With the hefty price tags and high depreciation rates, it is no surprise that drivers are leaning towards secondhand cars more instead of brand new ones. According to experts, certain models can drop in value for up to 35% in the first year. Though the statistics reveal a pretty disheartening number, there are still ways in which you can fulfill your dream of getting a brand new pre-registered car of your own, while saving some coins during the process. And while we are on the topic of getting a new car, make sure to not forget to get your car protected by insurance at https://www.youi.com.au/car-insurance.
What are pre-registered cars?
In order to understand what pre-registered cars are, we first have to go back to the basics. A car dealer measures his success based on the number of sales that he or she makes, and like other salesmen, they also have targets to meet. In order to achieve their quotas, dealerships will sometimes opt for buying the cars themselves and register them as sold with the Driver and Vehicle Licensing Agency (DVLA). These will then be known as pre-registered cars. Since the first owner of the car is technically registered with the dealer, these cars are classified as secondhand cars, despite its low mileage and it being just a few weeks old.
Pre-registering new cars, and then selling them at a lower price to customers does not necessarily mean that dealers are losing money. The manufacturer’s bonuses are usually able to cover the costs and at times outweigh the difference in costs.
When should I get a pre-registered car?
A rule of thumb is to wait till March or September, because those are the periods when new number plates are registered, with the largest supply of cars available. Those months also come with higher quotas for dealerships, making it easier to get a better deal. If you want to take advantage of cheap deals, be sure to visit the dealerships at the end of the month, as they usually have monthly and quarterly targets to hit as well. However, if you have some extra cash lying around, you can just proceed with getting a car whenever you need it. With a higher budget, you will also have the luxury of picking something that attracts you, as well as focusing on the functionality of the car.
When you are at the dealership, a tip is to look out for cars with the sign that says “new” and is heavily discounted but is already attached to a number plate. These are the cars that are most likely pre-registered, and you’ll pay significantly lower prices for them.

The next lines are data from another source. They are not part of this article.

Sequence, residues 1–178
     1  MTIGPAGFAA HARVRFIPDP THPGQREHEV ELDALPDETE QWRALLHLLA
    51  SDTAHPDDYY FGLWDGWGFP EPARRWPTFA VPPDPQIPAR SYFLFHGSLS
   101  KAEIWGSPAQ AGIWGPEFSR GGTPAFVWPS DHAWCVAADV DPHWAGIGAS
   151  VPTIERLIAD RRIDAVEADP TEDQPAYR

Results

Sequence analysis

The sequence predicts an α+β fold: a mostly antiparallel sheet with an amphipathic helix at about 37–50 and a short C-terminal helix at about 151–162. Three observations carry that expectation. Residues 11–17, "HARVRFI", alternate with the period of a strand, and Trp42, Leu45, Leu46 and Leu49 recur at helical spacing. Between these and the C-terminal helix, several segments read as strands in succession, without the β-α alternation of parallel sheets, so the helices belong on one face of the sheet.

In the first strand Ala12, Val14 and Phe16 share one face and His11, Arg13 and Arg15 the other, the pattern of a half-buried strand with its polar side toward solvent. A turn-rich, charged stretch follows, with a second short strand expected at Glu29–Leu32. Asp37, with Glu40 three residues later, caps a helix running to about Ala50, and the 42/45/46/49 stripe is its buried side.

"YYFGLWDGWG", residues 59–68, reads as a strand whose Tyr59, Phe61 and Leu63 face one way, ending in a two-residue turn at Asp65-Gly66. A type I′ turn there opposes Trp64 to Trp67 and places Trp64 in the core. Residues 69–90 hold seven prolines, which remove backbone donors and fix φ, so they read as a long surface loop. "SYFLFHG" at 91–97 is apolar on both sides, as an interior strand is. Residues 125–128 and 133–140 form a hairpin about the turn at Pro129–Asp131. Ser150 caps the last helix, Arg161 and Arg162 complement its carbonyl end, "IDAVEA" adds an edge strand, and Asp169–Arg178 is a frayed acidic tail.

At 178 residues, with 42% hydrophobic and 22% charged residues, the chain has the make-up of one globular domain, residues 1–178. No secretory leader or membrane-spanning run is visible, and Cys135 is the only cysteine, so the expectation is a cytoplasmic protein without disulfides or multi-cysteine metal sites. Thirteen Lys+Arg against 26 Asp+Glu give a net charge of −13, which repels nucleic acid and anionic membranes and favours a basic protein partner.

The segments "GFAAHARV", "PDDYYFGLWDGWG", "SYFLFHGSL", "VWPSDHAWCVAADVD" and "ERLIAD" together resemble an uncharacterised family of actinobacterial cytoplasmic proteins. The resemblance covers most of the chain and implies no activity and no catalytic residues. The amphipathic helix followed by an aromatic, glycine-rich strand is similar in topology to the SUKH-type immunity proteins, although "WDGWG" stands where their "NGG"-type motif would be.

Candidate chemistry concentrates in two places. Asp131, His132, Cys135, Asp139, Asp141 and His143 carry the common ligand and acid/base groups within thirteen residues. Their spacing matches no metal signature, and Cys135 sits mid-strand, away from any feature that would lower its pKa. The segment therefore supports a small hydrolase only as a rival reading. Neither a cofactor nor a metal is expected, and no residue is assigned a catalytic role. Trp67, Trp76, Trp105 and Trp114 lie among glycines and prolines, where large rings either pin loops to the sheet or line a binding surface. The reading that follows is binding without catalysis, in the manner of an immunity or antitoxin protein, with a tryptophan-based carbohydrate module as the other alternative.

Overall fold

What can I expect with a pre-registered car?
When getting a pre-registered car instead of a brand new car, you can expect discounts from 5% to 15%, though the prices may vary depending on each model, and how desperate the dealership is to get the car off the forecourt. However, one thing to take note of is that if you think about finances, the retail price that pre-registered cars are discounted at may not mean lower monthly installment payments. You should also lookout for the miles on the clock. Most pre-registered cars should have less than 200 ‘delivery’ miles unless it has been used as a demonstrator car, which can hit slightly above 200. It should also typically be under six months old and check with the dealership if it is a lot older than that.
What should I look out for when purchasing a pre-registered car?
Before you immediately say “I do” to your car, it is best to do some research on the model in question. If you realize that it has to be replaced or facelifted soon, this gives you a great opportunity to further haggle over the price. Furthermore, you should ensure that you receive the new keeper supplement section of its V5C logbook and the sales receipt when the dealer sends it to the DVLA.
Moreover, you should take out GAP (Guaranteed Asset Protection) insurance if you are getting a pre-registered vehicle. This is because your insurer will likely pay out the car’s market value before any accident since you are the second registered keeper of the car. This ensures that the GAP policy will compensate for any potential shortfall in price between this amount and the amount that you owe the finance company.
What are the cons of getting a pre-registered car?